Failure Spoken Here

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What’s the truism about the chance of failure for a random startup? 80 percent? 90 percent? It’s a bleak picture if you’d like to start a technology venture. All the effort, expense, and grind of hours for months on end you’re willing to put into pursuing your dream. Yet the statistics say that dream has an excellent chance of being a smoldering lump in a few years.

Believe it or not, there’s no better time to jump start your dream than now.
Your first task? Embrace failure.

Not for its own sake. But without failure, success is more difficult to find.

We’ll work with you to be sure you fail time and again. It’s part of the plan.

The Lean LaunchPad methodology was adopted by the National Science Foundation for the I-Corps program, in part, because the hypothesis testing core to the LLP approximates the scientific method applied to technology venturing. It’s this testing in the form of Customer Discovery interviews with prospective customers, users, and influencers that provides the feedback for your idea to fail. The current term is “pivot”. Consider a pivot to be a complete or partial failure of the original idea.

The week-by-week process of information gathering integral to the LLP process provides a framework for your idea to fail multiple times in a very short timeframe. More importantly, you’ll fail in a way that’s much faster, cheaper, and painless – except to your ego -than pursuing a startup on your own.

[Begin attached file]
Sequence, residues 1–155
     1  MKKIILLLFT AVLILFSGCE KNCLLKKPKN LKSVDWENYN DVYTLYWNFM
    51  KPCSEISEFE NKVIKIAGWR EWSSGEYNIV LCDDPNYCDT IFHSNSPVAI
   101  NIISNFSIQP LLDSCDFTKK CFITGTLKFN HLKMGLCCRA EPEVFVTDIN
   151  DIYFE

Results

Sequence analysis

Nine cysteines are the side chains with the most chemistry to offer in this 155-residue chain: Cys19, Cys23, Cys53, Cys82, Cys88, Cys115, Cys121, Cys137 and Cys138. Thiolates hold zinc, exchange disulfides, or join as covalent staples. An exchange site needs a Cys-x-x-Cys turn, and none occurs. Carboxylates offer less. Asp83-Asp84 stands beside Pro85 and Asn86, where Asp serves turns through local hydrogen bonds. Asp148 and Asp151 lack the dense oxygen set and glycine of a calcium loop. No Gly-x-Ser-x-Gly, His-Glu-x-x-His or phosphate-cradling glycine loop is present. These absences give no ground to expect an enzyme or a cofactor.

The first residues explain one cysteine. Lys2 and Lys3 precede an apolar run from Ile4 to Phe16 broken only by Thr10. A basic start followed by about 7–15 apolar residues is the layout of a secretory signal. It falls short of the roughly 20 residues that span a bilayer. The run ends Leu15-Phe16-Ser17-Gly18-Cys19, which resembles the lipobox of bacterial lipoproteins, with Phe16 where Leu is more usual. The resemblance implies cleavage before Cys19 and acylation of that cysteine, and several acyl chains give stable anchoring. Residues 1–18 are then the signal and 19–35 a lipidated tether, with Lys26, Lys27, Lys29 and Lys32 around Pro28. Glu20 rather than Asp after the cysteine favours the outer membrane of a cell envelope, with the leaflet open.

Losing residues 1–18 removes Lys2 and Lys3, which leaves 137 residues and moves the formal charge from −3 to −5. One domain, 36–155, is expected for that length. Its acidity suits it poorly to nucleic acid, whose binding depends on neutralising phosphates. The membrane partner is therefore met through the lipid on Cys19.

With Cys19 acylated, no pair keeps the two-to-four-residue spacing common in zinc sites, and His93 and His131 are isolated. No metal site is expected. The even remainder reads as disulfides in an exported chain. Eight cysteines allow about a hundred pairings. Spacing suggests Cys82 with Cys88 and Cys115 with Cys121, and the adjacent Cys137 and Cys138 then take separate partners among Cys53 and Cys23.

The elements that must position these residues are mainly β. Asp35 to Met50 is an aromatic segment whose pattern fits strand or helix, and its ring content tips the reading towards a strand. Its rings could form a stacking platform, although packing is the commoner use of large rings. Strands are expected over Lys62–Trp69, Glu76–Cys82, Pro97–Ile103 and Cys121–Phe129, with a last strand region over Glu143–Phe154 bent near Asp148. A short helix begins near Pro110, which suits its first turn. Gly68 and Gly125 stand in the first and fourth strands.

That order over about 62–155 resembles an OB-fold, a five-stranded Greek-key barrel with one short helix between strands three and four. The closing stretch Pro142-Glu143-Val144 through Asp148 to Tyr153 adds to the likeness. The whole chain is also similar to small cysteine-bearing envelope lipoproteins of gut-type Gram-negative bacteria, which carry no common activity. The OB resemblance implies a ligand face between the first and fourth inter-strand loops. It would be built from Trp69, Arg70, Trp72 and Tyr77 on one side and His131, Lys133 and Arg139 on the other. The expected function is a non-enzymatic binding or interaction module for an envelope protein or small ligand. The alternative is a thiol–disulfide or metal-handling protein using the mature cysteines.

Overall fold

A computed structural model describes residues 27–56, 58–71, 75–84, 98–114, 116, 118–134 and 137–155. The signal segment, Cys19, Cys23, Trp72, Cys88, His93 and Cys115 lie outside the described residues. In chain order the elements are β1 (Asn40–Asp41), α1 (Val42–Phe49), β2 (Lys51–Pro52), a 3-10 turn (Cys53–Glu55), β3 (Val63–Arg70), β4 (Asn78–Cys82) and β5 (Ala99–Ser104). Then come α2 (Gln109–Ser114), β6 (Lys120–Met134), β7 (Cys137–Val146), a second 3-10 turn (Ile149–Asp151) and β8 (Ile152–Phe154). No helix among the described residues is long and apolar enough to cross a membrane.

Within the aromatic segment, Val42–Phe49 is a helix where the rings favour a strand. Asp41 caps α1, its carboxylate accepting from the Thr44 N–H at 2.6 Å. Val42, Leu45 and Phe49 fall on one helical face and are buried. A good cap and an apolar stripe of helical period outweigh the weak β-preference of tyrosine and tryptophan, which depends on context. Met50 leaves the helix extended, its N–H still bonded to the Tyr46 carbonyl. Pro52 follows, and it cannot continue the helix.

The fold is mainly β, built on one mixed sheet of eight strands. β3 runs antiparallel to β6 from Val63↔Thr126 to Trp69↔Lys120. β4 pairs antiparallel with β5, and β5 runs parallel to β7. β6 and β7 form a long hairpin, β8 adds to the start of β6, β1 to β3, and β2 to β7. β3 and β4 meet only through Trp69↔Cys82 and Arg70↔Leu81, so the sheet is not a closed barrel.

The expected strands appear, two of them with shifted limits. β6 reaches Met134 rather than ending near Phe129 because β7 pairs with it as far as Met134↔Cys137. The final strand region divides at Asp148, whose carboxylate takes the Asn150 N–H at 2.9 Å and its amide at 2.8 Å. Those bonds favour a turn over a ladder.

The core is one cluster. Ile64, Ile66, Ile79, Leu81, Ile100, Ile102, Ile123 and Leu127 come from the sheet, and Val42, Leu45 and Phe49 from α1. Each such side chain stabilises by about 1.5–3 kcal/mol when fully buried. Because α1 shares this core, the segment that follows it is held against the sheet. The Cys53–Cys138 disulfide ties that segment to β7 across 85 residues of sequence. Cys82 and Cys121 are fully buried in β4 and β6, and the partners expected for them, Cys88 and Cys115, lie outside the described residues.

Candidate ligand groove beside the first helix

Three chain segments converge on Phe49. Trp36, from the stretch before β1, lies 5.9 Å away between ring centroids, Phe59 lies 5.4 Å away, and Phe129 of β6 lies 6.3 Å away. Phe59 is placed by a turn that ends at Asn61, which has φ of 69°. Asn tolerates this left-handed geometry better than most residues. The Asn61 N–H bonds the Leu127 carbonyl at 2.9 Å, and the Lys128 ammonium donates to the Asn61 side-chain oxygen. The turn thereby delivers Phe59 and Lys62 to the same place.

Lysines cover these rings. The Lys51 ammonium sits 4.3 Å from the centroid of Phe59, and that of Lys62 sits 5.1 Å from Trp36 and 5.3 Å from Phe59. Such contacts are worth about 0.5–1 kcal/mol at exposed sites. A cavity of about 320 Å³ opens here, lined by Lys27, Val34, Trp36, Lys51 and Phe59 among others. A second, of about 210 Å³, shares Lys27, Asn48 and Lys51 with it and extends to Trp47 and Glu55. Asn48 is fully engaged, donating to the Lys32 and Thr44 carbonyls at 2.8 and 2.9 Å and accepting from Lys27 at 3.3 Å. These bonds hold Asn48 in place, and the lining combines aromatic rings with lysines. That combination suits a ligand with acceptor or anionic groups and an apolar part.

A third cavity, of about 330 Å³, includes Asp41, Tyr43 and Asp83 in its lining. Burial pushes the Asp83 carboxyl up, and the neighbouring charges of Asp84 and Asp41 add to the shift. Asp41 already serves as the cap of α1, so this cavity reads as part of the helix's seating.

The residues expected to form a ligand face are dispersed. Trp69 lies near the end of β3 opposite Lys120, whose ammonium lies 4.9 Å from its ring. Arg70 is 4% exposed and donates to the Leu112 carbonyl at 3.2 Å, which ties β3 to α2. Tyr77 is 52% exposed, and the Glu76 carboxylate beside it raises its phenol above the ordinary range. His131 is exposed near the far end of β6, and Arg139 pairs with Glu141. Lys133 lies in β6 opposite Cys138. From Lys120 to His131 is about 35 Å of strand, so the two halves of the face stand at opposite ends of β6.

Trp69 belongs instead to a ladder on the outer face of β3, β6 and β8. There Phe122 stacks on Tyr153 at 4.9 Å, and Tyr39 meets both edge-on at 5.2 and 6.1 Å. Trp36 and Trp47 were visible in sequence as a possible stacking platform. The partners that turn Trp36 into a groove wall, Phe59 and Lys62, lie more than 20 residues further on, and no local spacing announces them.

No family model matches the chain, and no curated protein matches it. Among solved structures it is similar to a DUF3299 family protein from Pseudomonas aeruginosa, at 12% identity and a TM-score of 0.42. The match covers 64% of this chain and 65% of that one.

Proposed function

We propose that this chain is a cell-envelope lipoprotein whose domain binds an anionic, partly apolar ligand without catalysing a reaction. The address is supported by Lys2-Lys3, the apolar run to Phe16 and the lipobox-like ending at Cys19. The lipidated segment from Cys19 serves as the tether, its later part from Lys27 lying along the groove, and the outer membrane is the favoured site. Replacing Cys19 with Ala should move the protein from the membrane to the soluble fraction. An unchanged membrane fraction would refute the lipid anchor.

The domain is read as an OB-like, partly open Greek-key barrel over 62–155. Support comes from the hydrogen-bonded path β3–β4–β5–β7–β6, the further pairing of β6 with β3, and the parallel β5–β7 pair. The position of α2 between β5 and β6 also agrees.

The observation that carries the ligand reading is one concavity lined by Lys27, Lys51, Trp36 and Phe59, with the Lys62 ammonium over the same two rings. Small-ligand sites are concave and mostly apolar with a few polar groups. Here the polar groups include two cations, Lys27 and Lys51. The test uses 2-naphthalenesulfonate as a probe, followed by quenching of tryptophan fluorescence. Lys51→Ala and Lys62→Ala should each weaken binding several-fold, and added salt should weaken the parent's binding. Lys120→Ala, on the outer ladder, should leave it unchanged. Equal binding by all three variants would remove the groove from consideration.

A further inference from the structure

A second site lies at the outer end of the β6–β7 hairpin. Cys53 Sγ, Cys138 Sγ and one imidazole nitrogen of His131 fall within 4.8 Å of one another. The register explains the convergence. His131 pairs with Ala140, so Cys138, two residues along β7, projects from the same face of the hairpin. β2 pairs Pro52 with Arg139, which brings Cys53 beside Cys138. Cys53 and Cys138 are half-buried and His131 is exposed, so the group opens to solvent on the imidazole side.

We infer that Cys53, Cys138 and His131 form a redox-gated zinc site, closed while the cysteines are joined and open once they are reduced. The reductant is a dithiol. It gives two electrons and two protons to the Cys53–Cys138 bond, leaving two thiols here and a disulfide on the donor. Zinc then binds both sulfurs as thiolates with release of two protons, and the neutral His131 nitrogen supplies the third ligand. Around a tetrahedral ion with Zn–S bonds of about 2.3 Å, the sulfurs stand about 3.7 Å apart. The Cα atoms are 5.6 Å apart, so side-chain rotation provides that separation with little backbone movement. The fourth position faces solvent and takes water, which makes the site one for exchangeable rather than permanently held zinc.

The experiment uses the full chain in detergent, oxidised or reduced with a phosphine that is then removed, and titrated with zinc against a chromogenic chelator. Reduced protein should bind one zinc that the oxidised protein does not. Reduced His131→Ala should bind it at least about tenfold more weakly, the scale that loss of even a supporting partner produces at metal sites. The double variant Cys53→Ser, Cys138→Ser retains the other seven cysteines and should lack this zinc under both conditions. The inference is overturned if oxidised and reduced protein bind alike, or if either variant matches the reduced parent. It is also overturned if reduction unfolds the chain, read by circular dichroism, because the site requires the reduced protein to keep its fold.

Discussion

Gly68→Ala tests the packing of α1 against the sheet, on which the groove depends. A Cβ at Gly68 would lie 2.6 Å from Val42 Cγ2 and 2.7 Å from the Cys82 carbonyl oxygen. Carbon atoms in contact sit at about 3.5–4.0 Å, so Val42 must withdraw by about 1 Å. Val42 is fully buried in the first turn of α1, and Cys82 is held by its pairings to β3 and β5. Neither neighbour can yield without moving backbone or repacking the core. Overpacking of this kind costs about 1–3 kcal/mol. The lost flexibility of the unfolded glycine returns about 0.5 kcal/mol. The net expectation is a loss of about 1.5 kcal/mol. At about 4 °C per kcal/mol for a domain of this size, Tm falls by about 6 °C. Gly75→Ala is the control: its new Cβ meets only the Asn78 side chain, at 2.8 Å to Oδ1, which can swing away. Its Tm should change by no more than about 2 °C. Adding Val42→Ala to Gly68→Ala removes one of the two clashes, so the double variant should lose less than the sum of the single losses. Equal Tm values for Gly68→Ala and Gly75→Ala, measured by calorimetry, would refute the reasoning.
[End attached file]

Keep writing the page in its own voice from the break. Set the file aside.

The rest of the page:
Once you embrace failure and the Customer Discovery process, something amazing often happens about halfway through the course. The pivots stop. You begin to hear the same things from people you talk to. Conversations and reactions become more uniform. You just may have something! A value proposition. Product-market fit. The elements of a business model. And a potential path to success.

Or not. But that’s OK. There are usually three outcomes that you’ll discover when you engage with customers about their needs and issues:

  • Your original concept works as you thought! (Usually not)
  • Your concept can be adapted to solve a customer problem, but it’s a different customer or problem than you expected. (Often)
  • There isn’t an obvious market for your concept just now. (Sometimes)

All these outcomes are positive. If your concept has a chance of success, you’ll know quickly and have a much better idea of its market opportunity. If no current market opportunity exists, you’ll know that quickly as well, without the personal costs that normally accompany business failure.

The UCF I-Corps program. Failure spoken here.

Written by Eddie Hill